(a) No. as regards the G.I.P. Railway.
(b) Yes. as regards the G.I.P. Railway.
(c) Yes, as regards the G.I.P. Railway.
14. I make this qualification because we are not concerned with any other railway company except the G.I.P. Railway, and accordingly I do not propose to answer the questions in the general form in which they have been submitted to us.
15. It is not necessary for us nor is it part of our duty to inquire why the applicants sued the G.I.P. Railway instead of the contractors, Messrs. W.T. Henley's, but we may express the hope that as this case is regarded-so we understand-as a test case, the parties concerned may see their way to give a reasonable compensation to the dependents of this unfortunate deceased workman, although, so far as the present case goes, it appears to us that there is no legal liability on the G.I.P. Railway, whether or no there is on the contractors Messrs, Henley's who are not before us.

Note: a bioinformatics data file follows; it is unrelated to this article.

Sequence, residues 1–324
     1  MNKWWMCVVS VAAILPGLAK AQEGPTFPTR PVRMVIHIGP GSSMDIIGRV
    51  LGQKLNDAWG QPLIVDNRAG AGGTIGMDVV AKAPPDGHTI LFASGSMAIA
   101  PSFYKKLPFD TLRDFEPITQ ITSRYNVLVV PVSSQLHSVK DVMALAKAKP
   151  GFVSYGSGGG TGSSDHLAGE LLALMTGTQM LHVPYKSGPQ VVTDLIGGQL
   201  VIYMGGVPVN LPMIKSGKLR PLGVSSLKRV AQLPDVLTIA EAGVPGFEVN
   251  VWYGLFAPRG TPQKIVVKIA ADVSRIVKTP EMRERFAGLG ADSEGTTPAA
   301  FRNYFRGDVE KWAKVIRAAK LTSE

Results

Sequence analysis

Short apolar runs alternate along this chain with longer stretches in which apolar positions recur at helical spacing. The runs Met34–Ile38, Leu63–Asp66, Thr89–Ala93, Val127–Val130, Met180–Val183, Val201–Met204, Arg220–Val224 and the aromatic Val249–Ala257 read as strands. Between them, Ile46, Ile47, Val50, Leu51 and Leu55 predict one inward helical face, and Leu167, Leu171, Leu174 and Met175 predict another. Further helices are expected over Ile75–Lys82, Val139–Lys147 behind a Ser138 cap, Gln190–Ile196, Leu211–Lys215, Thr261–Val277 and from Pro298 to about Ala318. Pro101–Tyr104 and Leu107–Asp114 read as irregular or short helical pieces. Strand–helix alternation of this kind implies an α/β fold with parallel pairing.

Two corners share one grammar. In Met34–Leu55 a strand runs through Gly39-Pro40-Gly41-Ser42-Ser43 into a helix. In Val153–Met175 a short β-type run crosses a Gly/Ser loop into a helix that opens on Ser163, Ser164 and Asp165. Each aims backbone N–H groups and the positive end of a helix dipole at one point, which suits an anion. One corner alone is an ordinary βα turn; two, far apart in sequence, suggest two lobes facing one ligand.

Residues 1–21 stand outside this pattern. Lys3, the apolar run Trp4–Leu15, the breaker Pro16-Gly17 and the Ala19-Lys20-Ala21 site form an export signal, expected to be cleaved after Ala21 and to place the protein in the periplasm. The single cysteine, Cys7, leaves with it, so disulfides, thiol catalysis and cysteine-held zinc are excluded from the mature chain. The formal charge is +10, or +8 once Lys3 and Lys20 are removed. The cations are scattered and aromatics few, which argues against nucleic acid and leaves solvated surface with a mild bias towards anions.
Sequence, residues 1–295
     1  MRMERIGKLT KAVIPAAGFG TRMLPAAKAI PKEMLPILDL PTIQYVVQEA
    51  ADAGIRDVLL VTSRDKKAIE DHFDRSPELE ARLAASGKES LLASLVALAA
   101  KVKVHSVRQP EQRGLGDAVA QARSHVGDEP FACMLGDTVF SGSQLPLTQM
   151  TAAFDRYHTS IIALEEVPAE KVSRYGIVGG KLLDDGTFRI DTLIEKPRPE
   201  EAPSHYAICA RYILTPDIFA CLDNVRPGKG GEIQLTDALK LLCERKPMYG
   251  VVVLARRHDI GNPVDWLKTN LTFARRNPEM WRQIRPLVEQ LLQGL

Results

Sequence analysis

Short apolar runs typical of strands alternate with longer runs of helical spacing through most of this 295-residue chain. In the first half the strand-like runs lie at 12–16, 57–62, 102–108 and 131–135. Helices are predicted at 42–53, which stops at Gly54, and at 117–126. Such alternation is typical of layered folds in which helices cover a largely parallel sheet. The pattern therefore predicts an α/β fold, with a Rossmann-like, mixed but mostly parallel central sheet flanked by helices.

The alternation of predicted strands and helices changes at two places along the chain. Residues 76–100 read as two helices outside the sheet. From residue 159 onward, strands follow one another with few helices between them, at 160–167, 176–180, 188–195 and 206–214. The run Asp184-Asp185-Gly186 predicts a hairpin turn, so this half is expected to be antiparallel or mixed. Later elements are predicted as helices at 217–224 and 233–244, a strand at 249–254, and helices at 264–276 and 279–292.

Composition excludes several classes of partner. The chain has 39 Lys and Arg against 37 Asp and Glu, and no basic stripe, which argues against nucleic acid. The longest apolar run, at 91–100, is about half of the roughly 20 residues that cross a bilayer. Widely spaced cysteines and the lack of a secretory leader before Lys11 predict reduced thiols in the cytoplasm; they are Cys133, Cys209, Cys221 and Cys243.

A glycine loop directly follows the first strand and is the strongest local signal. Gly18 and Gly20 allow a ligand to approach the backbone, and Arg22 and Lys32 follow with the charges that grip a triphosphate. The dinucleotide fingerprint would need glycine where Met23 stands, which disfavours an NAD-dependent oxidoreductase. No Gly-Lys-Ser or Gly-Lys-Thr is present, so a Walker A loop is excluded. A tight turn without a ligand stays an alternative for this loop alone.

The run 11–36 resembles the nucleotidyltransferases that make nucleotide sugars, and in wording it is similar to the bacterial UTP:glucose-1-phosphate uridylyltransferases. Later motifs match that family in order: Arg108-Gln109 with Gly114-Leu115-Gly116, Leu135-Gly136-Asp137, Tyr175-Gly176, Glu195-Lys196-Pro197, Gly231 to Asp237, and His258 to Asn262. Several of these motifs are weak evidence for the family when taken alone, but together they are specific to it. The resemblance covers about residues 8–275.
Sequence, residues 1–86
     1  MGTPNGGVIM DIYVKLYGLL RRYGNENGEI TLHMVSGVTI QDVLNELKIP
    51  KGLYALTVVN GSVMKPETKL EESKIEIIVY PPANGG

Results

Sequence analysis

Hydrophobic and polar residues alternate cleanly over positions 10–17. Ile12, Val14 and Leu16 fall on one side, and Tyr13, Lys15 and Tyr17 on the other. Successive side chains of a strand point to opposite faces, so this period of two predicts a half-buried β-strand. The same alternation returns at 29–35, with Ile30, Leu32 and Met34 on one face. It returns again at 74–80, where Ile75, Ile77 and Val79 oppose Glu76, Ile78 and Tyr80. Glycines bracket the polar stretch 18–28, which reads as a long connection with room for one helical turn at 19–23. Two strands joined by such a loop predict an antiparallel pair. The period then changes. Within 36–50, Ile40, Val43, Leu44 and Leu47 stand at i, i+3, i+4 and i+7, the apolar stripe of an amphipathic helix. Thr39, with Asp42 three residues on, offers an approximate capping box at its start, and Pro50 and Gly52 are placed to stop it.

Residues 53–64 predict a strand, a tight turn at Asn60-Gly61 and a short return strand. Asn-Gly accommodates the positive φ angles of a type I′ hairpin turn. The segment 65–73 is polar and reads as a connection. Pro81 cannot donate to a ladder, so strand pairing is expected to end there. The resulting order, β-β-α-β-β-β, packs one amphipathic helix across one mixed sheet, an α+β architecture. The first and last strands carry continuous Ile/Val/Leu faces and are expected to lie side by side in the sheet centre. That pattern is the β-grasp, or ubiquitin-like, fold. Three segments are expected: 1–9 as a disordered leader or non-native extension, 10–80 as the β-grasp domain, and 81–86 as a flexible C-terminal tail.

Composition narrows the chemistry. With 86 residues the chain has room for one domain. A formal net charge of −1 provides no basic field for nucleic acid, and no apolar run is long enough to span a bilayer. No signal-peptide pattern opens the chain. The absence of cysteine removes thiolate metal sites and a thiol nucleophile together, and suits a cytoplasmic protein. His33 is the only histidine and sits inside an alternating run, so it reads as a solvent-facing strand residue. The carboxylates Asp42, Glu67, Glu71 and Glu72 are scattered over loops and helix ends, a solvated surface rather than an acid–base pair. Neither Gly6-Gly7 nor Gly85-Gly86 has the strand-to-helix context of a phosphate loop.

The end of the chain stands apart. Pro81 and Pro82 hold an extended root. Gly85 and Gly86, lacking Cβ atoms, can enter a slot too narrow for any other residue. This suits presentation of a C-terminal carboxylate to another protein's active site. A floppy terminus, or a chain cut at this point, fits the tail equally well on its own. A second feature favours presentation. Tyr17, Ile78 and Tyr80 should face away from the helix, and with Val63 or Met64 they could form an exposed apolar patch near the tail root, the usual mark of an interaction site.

16. This is a reference made by the Commissioner under Section 27 of the Workmen's Compensation Act (VIII of 1923). Three points have been submitted for decision by this Court, They are detailed at the end of the learned Commissioner's judgment.
17. The main point in the reference is as to the meaning which we should assign to the word 'ordinarily' used in Section 12(1) of the Act. The claimant's son was admittedly killed by being run over by a passing train, when in the employ of Messrs. W.T. Henley's Telegraph Works, who were contractors working for the railway administration, in erecting steel towers intended to carry the current required for electrifying the line between Kalyan and Karjat. The point is, whether the carrying out of this work can be said to be included in the expression 'ordinarily part of the trade or business,' of the railway administration. I agree with the view just expressed in the judgment delivered by the learned Chief Justice that this meaning cannot be assigned to the expression in question. The ordinary trade ox business of the railway administration is the carriage of passengers and goods, and the maintenance of the line necessary for this purpose.